While reading this article, I was baffled. The way that this topic was explained and the many different points that were brought to my attention made me really think about the world, society, and how far people will go just to make a buck....or a billion. I loved the part of this article where Orenstein states; "She is everything I imagined my daughter would reject, would not, in fact, ever encounter or even understand if she did, let alone embrace: the passive, personality-free princess swept off by a prince (who is enchanted solely by her beauty) to live in a happily-ever-after that he ultimately controls". (pg. 12). This is exactly what happens to every Disney Princess in their story line. The Princess goes over and above to make Prince Charming fall in love with her, even if it was solely based on what they looked like....Ariel went as far as to give up her voice and her life in the sea and her identity as a mermaid to gain a human soul and the love of a human prince to be able to be a part of a "happily-ever-after". Which brings be back to a quote by Christensen stating; “nor do I want them thinking that the pinnacle of a women’s life is an “I do” that supposedly leads them to a happily ever after". Girls grow up feeling that they need a boy to take care of them to be complete just like they see in these Princesses and other films on television.
I believe that Orensteins way of thinking is how every parent should when they have a daughter, especially the way the world is today. Not saying that girls need special treatment, but in times of growing up girls need to be told that they are perfect the way they are. Allowing your child to be exposed to princesses at a young age isnt the problem. The problem is the story lines, them believing they have to be pretty, skinny, fashionable, popular, smart, just like the princesses in the movies, and on the shelves in the stores. These young "tweens" think that being all of these things is the only way to make it to their fairytale romance ending and having a boy fall in love with them, or for them to receive the respect from their parents and peers. Which in turn causes stress and pressure on them trying to fit in to be perfect. They feel they have to fulfill all these expectations to "have it all".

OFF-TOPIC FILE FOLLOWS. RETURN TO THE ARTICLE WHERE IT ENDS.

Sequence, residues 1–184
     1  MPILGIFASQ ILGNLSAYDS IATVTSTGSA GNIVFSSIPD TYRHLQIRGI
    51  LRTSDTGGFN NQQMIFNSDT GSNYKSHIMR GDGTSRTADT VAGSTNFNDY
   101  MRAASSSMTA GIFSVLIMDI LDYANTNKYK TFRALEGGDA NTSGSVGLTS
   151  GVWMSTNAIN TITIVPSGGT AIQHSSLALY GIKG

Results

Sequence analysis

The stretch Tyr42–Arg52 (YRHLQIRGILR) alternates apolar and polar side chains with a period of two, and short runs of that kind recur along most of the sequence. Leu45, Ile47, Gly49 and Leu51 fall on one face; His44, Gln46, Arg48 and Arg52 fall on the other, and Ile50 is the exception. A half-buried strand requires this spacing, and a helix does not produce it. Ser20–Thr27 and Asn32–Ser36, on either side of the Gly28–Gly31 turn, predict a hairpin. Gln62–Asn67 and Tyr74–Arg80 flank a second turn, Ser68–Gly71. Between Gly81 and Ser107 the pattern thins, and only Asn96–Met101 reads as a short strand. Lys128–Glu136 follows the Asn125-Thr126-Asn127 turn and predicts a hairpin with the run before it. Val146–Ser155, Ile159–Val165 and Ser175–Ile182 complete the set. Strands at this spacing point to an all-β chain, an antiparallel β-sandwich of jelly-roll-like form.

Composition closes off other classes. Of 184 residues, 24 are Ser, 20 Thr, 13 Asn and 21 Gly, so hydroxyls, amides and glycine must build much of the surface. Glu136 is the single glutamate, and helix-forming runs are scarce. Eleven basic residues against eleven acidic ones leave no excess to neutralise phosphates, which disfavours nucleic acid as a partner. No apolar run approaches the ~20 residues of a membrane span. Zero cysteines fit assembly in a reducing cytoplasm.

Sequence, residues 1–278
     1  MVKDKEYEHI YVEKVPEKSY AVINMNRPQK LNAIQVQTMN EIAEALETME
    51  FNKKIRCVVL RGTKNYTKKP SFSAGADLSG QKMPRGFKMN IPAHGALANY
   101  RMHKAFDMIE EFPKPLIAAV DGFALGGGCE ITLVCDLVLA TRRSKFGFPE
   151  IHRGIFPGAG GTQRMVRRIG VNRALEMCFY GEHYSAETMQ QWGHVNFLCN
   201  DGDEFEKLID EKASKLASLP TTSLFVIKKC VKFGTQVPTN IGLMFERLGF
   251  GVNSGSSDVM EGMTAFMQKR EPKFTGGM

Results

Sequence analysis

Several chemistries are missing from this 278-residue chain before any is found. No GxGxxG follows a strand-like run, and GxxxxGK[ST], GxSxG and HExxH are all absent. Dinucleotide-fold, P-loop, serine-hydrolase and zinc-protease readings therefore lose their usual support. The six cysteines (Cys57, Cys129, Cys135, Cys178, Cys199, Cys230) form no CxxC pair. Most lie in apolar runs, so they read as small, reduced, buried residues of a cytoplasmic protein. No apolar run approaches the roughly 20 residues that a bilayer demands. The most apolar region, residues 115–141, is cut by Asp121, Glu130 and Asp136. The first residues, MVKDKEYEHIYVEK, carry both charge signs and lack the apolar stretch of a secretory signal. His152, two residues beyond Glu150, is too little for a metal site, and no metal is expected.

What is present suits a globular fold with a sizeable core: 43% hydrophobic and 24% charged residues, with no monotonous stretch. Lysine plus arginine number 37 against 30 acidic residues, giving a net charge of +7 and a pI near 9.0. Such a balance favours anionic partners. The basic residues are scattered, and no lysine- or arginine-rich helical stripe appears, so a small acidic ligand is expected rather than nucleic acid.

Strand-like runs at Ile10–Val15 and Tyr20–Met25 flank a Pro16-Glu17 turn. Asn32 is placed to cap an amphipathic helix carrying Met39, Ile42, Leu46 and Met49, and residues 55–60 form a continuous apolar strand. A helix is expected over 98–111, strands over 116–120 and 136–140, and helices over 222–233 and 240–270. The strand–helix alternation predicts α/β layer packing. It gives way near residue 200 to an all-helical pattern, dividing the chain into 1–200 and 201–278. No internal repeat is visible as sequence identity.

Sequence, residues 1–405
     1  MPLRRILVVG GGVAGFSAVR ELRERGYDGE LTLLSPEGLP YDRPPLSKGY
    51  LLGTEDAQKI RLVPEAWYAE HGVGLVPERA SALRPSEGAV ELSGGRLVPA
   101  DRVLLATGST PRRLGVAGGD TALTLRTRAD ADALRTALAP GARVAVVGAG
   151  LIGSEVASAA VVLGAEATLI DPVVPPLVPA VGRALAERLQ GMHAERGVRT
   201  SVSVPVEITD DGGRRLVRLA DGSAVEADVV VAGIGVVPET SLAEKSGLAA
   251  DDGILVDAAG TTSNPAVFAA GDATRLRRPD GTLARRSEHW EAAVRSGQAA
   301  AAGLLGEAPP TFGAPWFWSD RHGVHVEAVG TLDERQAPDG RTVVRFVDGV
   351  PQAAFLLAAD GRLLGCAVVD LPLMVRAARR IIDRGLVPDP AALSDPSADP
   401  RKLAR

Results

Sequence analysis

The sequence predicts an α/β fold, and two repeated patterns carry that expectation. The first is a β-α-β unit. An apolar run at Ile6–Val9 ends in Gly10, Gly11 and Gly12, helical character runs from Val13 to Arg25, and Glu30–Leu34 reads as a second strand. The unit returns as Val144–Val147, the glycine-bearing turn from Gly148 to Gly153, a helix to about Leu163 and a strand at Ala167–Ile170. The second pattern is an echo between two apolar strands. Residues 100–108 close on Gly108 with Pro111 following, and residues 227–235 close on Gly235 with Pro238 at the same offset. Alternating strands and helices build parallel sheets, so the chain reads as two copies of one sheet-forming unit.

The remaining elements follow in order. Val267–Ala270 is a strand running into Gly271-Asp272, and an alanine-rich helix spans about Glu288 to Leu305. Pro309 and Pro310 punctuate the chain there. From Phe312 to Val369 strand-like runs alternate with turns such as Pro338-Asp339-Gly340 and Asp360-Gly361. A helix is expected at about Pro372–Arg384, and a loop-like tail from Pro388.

Another part of this article I found so true is when Orenstein states, "Princesses may confide in a sympathetic mouse or teacup, but, at least amoung the best-known stories, they do not have girlfriends. God forbid Snow White should give Sleeping Beauty a little support". (pg. 23) This is something you see within girls in schools today. The battle of the popular girl groups, girls who think there shit doesn't stink, girls who think they are better than the next. Similar to the movie "Mean Girls". Heres a little piece of the film and one situation for an example if you haven't seen the film...Cady is new to her school, becomes part of a group called "The Plastics"..fitting right??, and ends up falling in love with Reginas (one of the plastics) ex-boyfriends. Regina sees whats going on and tries to steal him back, and in the mean time Cady gives her "nutrition bars" that she explains are all natural and will help her lose weight, but in turn make her gain weight so he wont want to get back with her. In the movie this was funny, obviously because its not a "real life situation" at the moment, but this is the perfect example of how back-stabbing girls are to one another and truly dont take into consideration how the way they make one another feel, even if they are so-called friends. I never really knew how cruel girls could be, turning backs and hurting one another. Instead we should encourage each other and not avoid female bonding.